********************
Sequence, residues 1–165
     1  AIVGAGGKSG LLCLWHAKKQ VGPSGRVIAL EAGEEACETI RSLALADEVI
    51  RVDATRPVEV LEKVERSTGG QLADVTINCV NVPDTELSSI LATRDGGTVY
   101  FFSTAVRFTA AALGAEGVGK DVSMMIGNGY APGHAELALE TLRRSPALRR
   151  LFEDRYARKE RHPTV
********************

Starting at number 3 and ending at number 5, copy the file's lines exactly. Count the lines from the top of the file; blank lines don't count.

    51  RVDATRPVEV LEKVERSTGG QLADVTINCV NVPDTELSSI LATRDGGTVY
   101  FFSTAVRFTA AALGAEGVGK DVSMMIGNGY APGHAELALE TLRRSPALRR
   151  LFEDRYARKE RHPTV